Photo: Vyron Perelis, Greece
We walk where you want, when you want and at your pace
Personalised City Walks:

We were the first company in Kolkata to run specialised city walks. Since 1998 we have been crafting walks for city guests that cover the bazaars of old Calcutta, the early settlement, the palaces of the Babus, the riverside, the Howrah Bridge, the attractions around the Maidan, the southern lakes, an Islamic quarter, local parks or out of the way parts of the city. We can combine walks with tram, metro or ferry rides and mix walks to match your interests.

If you are staying in central Kolkata and close to the Metro we will meet you at your hotel or guest-house. Otherwise we will arrange a convenient meeting place.

These walks usually take around 4 hours to complete but we also offer shorter walks (see ‘Kolkata Short Walks’ in Destinations).
Some Walks at a glance… 

The British Raj Walk
A walk which concentrates on the centre of the old colonial city

Communities and Bazaars Walk
Our original walk through a myriad of local communities both religious and occupational, through markets to the river.

Palaces of the Babus Walk
A walk through the crowded north and into and past some of the grand and now not so grand palaces of the wealthy babus of Calcutta.

The Riverside Walks
The big Bazaar, the riverside, Howrah Bridge, flower market, colony of artisans making images of the gods and a ferry ride.

Coffee house to the River Walk
A tram to the famous Coffee House, the university, books galore, a vibrant Muslim community, many markets and the river.

A Night Walk
Somewhat off the beaten track through Muslim and Hindu communities, both poor and better off, around the Sealdah market and back down the street of gold.

These are only suggestions and often we combine walks or can go off in any direction you choose.
Art Gallery Tour:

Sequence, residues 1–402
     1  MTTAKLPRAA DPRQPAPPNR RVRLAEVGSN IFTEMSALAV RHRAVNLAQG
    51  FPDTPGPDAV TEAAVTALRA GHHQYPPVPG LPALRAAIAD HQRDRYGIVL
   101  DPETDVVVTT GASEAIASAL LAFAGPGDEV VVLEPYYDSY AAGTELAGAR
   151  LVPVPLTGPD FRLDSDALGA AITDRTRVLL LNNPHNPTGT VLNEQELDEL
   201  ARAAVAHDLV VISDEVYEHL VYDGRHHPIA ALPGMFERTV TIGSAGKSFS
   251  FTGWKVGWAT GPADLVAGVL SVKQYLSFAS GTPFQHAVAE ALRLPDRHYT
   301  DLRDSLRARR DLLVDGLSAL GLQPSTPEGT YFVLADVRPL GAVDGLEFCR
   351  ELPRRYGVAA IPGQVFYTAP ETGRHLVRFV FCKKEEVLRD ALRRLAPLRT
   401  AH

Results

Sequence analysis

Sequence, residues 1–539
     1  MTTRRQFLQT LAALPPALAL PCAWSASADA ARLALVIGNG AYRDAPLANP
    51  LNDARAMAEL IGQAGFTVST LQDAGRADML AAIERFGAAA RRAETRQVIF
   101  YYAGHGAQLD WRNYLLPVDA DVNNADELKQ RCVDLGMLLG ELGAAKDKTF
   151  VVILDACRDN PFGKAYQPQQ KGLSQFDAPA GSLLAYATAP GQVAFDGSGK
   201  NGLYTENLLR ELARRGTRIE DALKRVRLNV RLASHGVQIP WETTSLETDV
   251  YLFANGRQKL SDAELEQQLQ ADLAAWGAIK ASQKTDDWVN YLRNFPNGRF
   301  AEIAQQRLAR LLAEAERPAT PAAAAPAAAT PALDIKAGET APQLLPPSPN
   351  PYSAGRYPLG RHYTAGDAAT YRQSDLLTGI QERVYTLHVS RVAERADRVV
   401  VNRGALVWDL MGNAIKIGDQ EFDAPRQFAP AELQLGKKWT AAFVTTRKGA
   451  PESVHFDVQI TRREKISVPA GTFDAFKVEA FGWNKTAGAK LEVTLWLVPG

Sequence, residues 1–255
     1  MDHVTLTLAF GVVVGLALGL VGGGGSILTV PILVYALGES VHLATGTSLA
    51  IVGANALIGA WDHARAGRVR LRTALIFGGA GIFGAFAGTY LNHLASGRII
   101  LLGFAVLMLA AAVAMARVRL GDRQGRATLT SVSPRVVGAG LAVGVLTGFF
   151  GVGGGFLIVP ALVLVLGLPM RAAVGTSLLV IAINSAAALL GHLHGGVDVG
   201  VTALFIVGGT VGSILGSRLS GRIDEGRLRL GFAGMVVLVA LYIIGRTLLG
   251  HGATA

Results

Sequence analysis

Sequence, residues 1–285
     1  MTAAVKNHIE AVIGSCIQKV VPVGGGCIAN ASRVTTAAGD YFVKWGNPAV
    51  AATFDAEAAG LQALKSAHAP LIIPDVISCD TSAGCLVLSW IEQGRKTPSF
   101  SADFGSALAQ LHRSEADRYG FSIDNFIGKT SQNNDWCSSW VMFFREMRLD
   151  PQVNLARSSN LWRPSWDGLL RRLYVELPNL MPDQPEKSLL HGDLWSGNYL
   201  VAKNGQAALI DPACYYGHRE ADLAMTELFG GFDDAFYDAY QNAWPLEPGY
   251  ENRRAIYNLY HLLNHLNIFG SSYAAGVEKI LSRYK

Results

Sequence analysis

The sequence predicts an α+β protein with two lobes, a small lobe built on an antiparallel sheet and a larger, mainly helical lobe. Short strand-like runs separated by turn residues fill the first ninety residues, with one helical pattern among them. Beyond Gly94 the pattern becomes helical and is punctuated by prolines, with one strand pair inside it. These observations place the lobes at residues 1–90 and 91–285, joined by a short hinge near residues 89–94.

This tour takes in, for the main part, the 3 biggest galleries in Kolkata which are mainly dedicated to contemporary exhibitions.

We travel to these destinations by a combination of metro, taxi and auto rickshaw. It also includes a walk through a park and alongside a lake.

Of course there are other smaller independent galleries, which often have interesting exhibitions. It’s all a matter of what’s on at any given time. However if you wish to take in some of these galleries you will need to cover extra travel expenses as they can be substantial distances from each other.

The tour starts around 3 pm and would normally last for about 3 hours.

City Orientation Tour The city layout, transport system, tour of areas of particular interest e.g. finance district, tourist areas, sporting venues, cultural centres etc, a pocket history and onward travel. Contact people with similar interests, profession or hobby.

Some walks in more detail.

Communities and Bazaars Walk Takes in a poor inner city area showcasing a variety of different communities, including Anglo Indian, Muslim and Chinese and inhabited by squatters and recyclers, tinsmiths and woodworkers, highlighting how these Calcuttans live and work. We reach the frenetically crowded wholesale fruit market to then head for the Hooghly (Ganga) through Burrabazar, small intense market streets (among which we find a delicate Jain marble temple) through to the ubiquitous spice market until we reach the river ghats, the monumental Howrah Bridge and the sensory sensation which is the flower market.

River walks feature the Hooghly River, also known locally as the Ganges. We provide 2 walks that highlight slightly different aspects of the riverside.

River Walk 1. We take the metro (India’s first) to Shovabazar, the site of one of the Kolkata’s original villages (Sutanuti) and walk through Kurmatoli, the enclave where fabulous sculptures of the gods are fashioned for the many religious festivals held in the city. From there we stroll along the river to Baghbazar to ferry back one stop and resume our walk along the river to Ahiratola, passing small river shrines and bathing ghats once privately owned by rich babus. Staying on the river we ferry first under the monumental Howrah Bridge to Howrah Station and then past the cityscape of BBD Bagh to Babughat.

River Walk 2. The Working River. A morning street market, the home of the gods, the back streets of old Calcutta, a ferry ride, a walk across the famous Howrah Bridge, the flower market and river ghats and back via the warehouses and streetcarts of coolies loading the trucks for eastern India. This is the mix in this river centred walk that highlights the life of people whose work is influenced by the proximity of the Ganges.

Palaces of the Babus Walks